LOS ANGELES (CNS) - A Los Angeles rescue group is seeking homes for dozens of domestic rabbits seized by animal control officers from what the group is calling a "backyard breeding operation."
Bunny World Foundation says the rabbits were confiscated over three separate visits by Los Angeles Animal Services personnel, beginning on April 14 and continuing April 18 and April 19.
The Los Angeles nonprofit, which has rescued thousands of unwanted rabbits from shelters and owner surrenders since its founding in 2008, says a total of 69 rabbits were taken from the home, including some babies born to two pregnant mothers at LAAS' North Central shelter.
"This was not your typical situation where things got out of hand out of ignorance of not knowing the rabbit's gestation period, which is 28 days. This was a deliberate backyard breeding operation that had been fully functioning for three years, three blocks away from the LAAS Shelter," BWF Founder Lejla Hadzimuratovic said. "I am happy we were able to assist LAAS in cleaning up this disastrous and cruel breeding operation."
Hadzimuratovic told City News Service that the house was located near the North Central shelter at 3201 Lacy St. She said the owners agreed to end the breeding operation and dismantle the rabbit hutches during one of the LAAS visits.
Los Angeles Animal Services did not respond to several requests for comment.
"It was an unfortunate situation seeing numbers of petrified bunnies crammed in filthy makeshift cages with many nesting boxes who will need a lot of TLC before they can trust humans again," said BWF's adoption manager Jane Stonnington, who was on the scene to assist LAAS.
"Once we arrived at the scene, we worked diligently to sex all the rabbits and identify nursing mothers, potentially pregnant adult rabbits and juveniles. The bunnies we encountered were mostly pregnant and nursing females. I can only imagine how many rabbits suffered in these horrific and squalid conditions, how many were slaughtered for food, and how many ended up in the wrong hands," she added.
The rescue group is now issuing an urgent plea for fosters or adopters to help re-home the rabbits.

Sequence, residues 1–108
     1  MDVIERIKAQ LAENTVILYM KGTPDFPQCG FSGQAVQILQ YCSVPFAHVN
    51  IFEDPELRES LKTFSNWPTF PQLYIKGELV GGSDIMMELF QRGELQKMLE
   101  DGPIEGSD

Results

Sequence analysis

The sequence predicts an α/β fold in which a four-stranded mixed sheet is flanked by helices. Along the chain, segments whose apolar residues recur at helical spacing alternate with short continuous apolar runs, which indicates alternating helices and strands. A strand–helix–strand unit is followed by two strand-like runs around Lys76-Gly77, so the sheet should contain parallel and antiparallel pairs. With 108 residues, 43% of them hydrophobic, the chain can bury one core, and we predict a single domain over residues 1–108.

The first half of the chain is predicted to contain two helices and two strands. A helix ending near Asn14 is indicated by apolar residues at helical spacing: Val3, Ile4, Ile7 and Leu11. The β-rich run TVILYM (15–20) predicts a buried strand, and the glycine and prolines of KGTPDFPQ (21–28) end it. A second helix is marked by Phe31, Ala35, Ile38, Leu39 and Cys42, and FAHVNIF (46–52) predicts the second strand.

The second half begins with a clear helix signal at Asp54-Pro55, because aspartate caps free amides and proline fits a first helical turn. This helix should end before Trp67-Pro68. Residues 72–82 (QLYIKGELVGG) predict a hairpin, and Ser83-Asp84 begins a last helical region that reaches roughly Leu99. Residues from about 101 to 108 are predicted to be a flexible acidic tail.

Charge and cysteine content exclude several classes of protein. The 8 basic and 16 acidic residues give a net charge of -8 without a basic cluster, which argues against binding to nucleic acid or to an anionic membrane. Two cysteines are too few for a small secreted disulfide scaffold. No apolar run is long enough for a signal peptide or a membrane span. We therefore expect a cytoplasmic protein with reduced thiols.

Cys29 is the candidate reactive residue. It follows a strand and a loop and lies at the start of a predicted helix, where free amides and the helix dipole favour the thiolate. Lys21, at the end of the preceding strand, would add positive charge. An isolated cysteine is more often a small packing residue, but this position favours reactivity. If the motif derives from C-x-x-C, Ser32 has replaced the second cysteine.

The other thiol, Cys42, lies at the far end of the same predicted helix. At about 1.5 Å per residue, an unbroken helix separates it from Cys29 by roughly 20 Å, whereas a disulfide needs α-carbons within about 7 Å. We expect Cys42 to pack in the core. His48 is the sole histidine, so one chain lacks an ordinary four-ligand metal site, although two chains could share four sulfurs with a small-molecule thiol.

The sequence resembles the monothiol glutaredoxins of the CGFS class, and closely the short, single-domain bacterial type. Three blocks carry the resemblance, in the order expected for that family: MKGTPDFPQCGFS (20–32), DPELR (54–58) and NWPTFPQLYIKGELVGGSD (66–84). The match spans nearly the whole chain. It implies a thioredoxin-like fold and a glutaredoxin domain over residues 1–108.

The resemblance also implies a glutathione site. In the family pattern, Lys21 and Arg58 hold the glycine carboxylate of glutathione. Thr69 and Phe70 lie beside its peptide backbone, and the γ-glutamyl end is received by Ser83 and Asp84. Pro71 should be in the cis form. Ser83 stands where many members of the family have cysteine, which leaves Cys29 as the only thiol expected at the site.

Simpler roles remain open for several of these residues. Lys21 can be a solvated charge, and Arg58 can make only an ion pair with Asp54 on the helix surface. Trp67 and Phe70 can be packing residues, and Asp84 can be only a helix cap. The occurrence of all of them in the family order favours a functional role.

"This impound comes during a particularly challenging time, as local shelters and parks are overrun with bunnies who have no place to go after the spring breeding and post-Easter dumping season," Hadzimuratovic said.
It's not the first time BWF has dealt with this kind of situation. The group was inundated with close to 300 rabbits last year from a home in the Mar Vista area in an effort that also involved LAAS and other rescue groups.
Rabbits are not low-maintenance pets. They require very specific feeding, and humane indoor housing in a bunny-proofed room.
A few of the basics of rabbit care:
-- domestic rabbits should be kept indoors at all times;
-- rabbits need to be spayed or neutered as soon as they're old enough (between four and six months) to avoid unnecessary breeding and to aid their health;
-- they should be fed a diet of unlimited timothy hay and a daily portion of leafy greens, plus pellets and alfalfa hay for rabbits under 6 months;
-- they should never be kept in cages, as they need room to hop around and exercise their legs;
-- they need to be thoroughly groomed every two to three months to remove excess fur and have their nails trimmed;
-- they're aggressive chewers, and need to be kept away from electrical cords and anything that can be dangerous if ingested, such as taped or glued boxes;
-- bunnies who stop eating or appear to be in pain can die within 36 hours, and need immediate care from a veterinarian trained in rabbit care.
BWF offers mentoring and a free foster program in which people care for the animals, help promote them on social media and bring them to weekly adoption events until they find a permanent home. The group can be contacted at firstname.lastname@example.org, bunnyworldfoundation.org or on Facebook.